Joseph W. Doherty Sat, 04/26/2008 - 03:31
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Assuming we're considering host subnets, likely to avoid the same issues of a non-VLAN host subnets sharing the same wire. Such issues as broadcast and multicast containment. There's also security to consider and the issue of dynamic IP address allocation functioning.


The only time I recall having multiple host subnets on the same wire was an advantage, whether real or virtual, was during readdressing of hosts.

Sushil Kumar Katre Sat, 04/26/2008 - 22:03
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Hi Mahmood,


There is the potential for large numbers of devices within a single VLAN or broadcast domain to generate large amounts of broadcast traffic periodically, which can be problematic. This is one of the reasons not have a large number of hosts in a single VLAN.


In addition to this if you are look at a voice VLAN, Cisco's recommendation is to limit the number of devices in a single Unified Communications VLAN to approximately 512, not solely due to the need to control the amount of VLAN broadcast traffic. For Linux-based Unified CM server platforms, the ARP cache has a hard limit of 1024 devices. Installing Unified CM in a VLAN with a IP subnet containing more than 1024 devices can cause the Unified CM server ARP cache to fill up quickly, which can seriously affect communications between the Unified CM server and other Unified Communications endpoints. Even though the ARP cache size on Windows-based Unified CM server platforms expands dynamically, Cisco strongly recommends a limit of 512 devices in any VLAN regardless of the operating system used by the Unified CM server platform.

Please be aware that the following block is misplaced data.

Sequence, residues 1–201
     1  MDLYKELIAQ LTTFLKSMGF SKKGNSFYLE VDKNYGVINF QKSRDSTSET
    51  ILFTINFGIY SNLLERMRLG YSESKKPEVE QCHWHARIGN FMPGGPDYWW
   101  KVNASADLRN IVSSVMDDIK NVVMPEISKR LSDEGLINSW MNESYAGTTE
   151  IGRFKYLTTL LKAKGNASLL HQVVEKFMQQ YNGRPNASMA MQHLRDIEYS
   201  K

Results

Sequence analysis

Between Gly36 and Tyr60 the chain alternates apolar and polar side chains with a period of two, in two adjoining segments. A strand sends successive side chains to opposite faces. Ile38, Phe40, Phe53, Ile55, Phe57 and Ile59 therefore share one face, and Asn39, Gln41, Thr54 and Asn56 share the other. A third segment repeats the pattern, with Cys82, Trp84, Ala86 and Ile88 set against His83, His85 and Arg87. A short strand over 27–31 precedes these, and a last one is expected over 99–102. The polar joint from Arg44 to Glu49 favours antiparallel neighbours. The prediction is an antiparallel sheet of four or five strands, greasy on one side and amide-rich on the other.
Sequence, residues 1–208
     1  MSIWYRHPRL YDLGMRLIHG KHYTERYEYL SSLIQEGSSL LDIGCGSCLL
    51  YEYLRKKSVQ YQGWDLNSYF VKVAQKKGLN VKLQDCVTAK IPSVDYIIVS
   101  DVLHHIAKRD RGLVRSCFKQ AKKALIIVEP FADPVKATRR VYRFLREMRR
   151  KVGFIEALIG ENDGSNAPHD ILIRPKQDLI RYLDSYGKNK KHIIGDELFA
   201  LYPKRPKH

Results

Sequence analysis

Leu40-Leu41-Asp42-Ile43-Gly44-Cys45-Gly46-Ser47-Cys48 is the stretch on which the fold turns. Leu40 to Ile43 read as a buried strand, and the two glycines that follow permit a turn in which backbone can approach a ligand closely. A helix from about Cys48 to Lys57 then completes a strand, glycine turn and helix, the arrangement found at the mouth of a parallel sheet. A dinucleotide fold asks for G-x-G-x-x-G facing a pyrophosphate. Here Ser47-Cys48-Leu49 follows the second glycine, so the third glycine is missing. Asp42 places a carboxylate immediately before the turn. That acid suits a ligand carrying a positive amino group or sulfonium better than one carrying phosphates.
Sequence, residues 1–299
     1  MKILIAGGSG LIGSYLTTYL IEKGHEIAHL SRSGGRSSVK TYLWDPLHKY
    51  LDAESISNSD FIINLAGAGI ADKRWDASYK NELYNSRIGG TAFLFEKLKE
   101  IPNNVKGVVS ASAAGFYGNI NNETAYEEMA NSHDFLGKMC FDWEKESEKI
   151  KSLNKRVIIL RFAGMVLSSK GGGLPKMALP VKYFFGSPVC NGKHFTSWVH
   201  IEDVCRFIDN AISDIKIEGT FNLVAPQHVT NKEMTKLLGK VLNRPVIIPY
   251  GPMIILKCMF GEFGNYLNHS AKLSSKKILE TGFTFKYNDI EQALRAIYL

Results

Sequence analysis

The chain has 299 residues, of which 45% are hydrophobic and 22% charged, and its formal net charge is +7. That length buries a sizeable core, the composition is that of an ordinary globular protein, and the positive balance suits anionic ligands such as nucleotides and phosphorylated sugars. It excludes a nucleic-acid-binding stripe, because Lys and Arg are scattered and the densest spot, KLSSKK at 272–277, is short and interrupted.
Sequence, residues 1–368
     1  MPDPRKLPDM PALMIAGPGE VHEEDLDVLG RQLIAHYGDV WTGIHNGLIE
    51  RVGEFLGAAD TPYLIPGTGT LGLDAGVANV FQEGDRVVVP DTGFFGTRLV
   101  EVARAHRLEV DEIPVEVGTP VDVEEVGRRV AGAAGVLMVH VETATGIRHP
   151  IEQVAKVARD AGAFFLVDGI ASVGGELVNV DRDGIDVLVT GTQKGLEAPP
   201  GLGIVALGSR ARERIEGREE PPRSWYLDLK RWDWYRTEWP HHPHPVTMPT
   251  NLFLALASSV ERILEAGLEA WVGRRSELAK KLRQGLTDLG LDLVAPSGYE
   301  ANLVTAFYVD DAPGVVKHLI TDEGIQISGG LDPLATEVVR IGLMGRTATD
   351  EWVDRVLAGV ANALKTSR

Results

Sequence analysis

HTH

-> Sushil

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